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Nice catch by my pal Arnold Kling as his new blog, a pointer to a study on lobbying:
We study how ex-government officials benefit from the personal connections acquired during public service. Lobbyists with experience in the office of a US Senator suffer a 24% drop in generated revenue when that Senator leaves office. The effect is immediate, discontinuous around the exit period, and long-lasting. Consistent with the notion that lobbyists sell access to powerful politicians, the drop in revenue is increasing in the committee assignments power held by the exiting politician. We have shown that staffers’ political connections are a perishable asset; in other words, they last only as long as the connected politicians remain holding office. This implies that staffers may have relatively short careers. Once a connection to a powerful Senator has been established, it may make sense to move into lobbying and cash in this unique asset while it is still valuable.
Our paper also has the potential to inform policy. One common instrument to regulate the revolving door phenomenon is to impose ‘cooling off’ periods to officials leaving public office (Ethics Reform Act of 1989, Honest Leadership and Open Government Act of 2007; for a review see Maskell 2010). The perishable nature of ex-staffers’ assets suggests that such restrictions could in fact be quite useful to a legislator interested in significantly decreasing the attractiveness of a lobbying career for ex-government officials.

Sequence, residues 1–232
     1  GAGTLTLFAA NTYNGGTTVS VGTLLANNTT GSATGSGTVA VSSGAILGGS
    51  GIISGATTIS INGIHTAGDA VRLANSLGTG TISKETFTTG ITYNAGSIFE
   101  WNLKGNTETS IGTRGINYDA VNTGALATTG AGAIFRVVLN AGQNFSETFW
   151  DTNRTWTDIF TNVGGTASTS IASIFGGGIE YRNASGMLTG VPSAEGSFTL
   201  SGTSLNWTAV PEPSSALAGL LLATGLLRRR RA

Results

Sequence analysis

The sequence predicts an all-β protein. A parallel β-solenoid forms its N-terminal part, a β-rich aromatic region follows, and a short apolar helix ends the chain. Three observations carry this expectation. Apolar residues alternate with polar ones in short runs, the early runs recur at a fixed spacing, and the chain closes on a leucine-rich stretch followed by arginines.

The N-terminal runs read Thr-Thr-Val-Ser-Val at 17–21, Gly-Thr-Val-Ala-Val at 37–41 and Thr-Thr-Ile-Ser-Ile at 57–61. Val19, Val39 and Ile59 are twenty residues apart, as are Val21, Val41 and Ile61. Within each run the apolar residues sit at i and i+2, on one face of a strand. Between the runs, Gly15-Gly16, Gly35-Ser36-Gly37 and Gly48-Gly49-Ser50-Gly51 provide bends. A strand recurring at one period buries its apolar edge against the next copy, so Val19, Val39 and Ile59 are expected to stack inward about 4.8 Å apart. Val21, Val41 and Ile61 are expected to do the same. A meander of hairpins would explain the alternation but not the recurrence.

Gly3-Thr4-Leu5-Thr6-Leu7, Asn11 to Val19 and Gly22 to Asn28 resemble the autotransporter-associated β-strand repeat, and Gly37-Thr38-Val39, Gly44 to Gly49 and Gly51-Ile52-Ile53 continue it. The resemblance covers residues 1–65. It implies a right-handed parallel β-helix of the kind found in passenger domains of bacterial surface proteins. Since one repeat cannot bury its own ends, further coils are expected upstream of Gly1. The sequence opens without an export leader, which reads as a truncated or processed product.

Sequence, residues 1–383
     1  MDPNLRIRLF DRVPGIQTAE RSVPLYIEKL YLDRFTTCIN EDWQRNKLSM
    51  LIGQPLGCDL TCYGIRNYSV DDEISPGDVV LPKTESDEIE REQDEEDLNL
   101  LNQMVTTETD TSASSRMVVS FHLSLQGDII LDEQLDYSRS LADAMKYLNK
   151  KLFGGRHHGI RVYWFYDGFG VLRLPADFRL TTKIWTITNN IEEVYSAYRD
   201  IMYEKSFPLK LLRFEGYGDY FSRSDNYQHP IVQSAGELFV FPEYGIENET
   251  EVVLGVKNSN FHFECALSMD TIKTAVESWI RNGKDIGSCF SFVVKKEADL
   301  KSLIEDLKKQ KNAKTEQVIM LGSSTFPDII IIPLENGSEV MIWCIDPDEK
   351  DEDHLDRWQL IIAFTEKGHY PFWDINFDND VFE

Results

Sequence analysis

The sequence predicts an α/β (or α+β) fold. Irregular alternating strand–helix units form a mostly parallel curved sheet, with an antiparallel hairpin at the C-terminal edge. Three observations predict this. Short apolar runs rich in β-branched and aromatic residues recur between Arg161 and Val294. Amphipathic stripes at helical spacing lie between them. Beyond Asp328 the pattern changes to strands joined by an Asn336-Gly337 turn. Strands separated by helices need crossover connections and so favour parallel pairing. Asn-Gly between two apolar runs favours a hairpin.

But is more regulation the best route here? As economist Luigi Zingales points out: “If we want to regulate lobbying because we think it distorts the political process, why do we think that the distorted political process can ameliorate the problem by regulating lobbying?”
Good question. And Zingales has a Pigouvian answer in his recent book, A Capitalism for the People: “Lobbying per so is not bad, but the imbalance in lobbying is. Larger companies lobby disproportionately more and consequently obtain disproportionately greater benefits. Heavily taxing lobbying … would help level the playing field [and] reduce the incentive to lobby.”
Zingales would redistribute the tax proceed in some fashion to opponents. Not sure how that would work, exactly. But it is in an intriguing, pro-market approach to the problem.
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